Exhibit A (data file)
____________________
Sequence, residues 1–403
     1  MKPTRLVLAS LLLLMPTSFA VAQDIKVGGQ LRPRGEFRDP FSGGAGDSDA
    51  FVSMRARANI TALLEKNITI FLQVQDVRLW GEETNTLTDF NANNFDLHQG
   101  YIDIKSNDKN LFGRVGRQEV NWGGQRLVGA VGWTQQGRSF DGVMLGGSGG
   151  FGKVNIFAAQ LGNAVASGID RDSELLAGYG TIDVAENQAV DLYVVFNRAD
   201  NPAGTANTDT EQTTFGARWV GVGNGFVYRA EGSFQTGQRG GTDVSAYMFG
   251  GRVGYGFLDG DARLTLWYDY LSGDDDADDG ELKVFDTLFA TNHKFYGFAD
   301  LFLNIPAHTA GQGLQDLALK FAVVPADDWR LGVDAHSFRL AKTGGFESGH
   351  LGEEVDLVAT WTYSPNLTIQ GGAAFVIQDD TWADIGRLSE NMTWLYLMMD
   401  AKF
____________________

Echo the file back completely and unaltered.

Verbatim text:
Sequence, residues 1–403
     1  MKPTRLVLAS LLLLMPTSFA VAQDIKVGGQ LRPRGEFRDP FSGGAGDSDA
    51  FVSMRARANI TALLEKNITI FLQVQDVRLW GEETNTLTDF NANNFDLHQG
   101  YIDIKSNDKN LFGRVGRQEV NWGGQRLVGA VGWTQQGRSF DGVMLGGSGG
   151  FGKVNIFAAQ LGNAVASGID RDSELLAGYG TIDVAENQAV DLYVVFNRAD
   201  NPAGTANTDT EQTTFGARWV GVGNGFVYRA EGSFQTGQRG GTDVSAYMFG
   251  GRVGYGFLDG DARLTLWYDY LSGDDDADDG ELKVFDTLFA TNHKFYGFAD
   301  LFLNIPAHTA GQGLQDLALK FAVVPADDWR LGVDAHSFRL AKTGGFESGH
   351  LGEEVDLVAT WTYSPNLTIQ GGAAFVIQDD TWADIGRLSE NMTWLYLMMD
   401  AKF